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ERIC Number: ED417013
Record Type: Non-Journal
Publication Date: 1995
Pages: 21
Abstractor: N/A
Reference Count: N/A
Cognitive Effects of Early Childhood Programs.
Epstein, Herman
Arguing that summaries of 562 studies from 1985 through 1994 reveal that almost no attention is paid to the cognitive effects of Head Start programs, this report criticizes Head Start as being steadily and more generously funded without evidence that it helps children's scholastic achievements. The report criticizes available studies as practicing poor data analysis and omitting pertinent information. The report also argues that the only substantiated positive effects of Head Start include reduction of the number of children being sent to special education and reduced grade retention due to socialization factors alone. The first section of the report offers criticism of the data analysis and omission of information of an article by Schweinhart (1994) on the lasting benefits of preschool programs. The second section addresses the need to study more critically the data presented in research reports. The third section provides background information on early childhood education for disadvantaged youth in the United States. The final section describes reactions to Head Start weaknesses in Follow Through programs and the government support they received. The report concludes by noting that there are some lasting effects of Head Start, mainly of a non-significant variety, and that significance-producing programs should be looked at carefully and negative programs should be addressed for counter-productivity. (SD)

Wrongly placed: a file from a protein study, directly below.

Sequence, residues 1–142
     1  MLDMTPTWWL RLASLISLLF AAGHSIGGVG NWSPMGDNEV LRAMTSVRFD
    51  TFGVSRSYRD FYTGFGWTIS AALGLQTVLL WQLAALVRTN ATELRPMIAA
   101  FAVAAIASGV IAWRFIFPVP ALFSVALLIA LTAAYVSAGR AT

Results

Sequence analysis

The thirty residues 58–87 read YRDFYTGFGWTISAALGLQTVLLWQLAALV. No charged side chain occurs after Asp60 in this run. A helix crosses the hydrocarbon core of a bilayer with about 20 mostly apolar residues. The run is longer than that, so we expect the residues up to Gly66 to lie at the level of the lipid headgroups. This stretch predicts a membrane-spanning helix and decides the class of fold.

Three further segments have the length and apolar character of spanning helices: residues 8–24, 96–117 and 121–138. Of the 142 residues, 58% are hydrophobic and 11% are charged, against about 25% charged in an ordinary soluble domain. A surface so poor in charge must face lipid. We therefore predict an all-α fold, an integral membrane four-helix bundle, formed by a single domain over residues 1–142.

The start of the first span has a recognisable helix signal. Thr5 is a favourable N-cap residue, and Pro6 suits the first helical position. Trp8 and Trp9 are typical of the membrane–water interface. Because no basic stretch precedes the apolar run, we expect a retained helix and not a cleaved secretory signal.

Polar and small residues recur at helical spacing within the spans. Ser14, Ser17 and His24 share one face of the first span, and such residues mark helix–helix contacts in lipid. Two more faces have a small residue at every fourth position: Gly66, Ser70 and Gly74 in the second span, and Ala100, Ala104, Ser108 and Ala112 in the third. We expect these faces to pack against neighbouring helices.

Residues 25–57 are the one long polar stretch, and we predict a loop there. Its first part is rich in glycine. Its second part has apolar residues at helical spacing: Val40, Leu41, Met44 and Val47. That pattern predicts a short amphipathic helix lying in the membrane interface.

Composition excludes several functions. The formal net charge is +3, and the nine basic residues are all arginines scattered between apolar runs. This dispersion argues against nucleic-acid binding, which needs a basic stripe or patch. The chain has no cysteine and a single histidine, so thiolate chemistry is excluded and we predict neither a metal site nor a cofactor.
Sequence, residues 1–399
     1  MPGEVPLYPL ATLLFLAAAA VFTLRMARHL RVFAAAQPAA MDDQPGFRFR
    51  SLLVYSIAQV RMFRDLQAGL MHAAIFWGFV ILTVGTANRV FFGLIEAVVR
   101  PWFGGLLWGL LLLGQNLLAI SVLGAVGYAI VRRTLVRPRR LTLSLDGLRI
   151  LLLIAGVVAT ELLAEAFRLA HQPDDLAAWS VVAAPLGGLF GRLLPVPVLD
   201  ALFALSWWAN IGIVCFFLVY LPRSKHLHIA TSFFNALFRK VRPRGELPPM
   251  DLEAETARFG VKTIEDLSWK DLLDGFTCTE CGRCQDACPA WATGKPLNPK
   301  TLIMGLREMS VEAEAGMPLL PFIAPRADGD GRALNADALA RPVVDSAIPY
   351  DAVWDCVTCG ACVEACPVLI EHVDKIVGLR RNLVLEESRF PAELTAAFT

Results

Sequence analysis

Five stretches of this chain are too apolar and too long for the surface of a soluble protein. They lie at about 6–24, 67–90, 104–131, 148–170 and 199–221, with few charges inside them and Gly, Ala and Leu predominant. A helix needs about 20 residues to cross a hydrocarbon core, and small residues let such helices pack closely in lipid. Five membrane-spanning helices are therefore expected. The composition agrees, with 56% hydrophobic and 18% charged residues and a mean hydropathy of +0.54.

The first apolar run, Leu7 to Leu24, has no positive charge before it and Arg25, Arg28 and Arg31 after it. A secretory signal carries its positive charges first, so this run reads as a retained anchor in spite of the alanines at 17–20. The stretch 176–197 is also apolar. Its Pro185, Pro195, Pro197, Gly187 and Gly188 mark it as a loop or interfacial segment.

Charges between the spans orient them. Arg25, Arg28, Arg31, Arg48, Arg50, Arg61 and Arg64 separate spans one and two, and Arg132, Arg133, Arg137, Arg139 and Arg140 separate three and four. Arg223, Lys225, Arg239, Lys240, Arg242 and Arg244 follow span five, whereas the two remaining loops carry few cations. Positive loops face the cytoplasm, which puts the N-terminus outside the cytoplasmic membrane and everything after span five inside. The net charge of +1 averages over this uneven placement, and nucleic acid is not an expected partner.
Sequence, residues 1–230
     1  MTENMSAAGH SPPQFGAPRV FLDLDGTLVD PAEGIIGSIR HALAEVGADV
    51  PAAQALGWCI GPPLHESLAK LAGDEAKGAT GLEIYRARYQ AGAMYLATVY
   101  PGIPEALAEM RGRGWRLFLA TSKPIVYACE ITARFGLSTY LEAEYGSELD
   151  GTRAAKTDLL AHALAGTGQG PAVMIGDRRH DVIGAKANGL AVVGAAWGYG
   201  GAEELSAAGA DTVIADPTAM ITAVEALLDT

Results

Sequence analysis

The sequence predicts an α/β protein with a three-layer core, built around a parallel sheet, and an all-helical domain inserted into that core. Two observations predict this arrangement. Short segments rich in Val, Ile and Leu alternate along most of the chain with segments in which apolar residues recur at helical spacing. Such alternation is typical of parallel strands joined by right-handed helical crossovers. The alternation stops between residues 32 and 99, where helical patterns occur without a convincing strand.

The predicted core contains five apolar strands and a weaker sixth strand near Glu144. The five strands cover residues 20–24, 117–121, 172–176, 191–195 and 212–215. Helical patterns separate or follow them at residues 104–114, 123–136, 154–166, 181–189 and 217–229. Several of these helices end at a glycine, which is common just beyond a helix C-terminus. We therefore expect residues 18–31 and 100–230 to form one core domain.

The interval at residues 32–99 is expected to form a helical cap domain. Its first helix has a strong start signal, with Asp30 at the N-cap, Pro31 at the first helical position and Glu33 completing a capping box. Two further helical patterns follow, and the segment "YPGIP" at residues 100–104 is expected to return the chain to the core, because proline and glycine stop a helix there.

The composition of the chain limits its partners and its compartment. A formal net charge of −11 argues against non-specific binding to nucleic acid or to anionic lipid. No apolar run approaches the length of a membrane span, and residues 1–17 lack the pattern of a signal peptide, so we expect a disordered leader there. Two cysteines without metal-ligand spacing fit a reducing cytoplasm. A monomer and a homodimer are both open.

Publication Type: Opinion Papers
Education Level: N/A
Audience: N/A
Language: English
Sponsor: N/A
Authoring Institution: N/A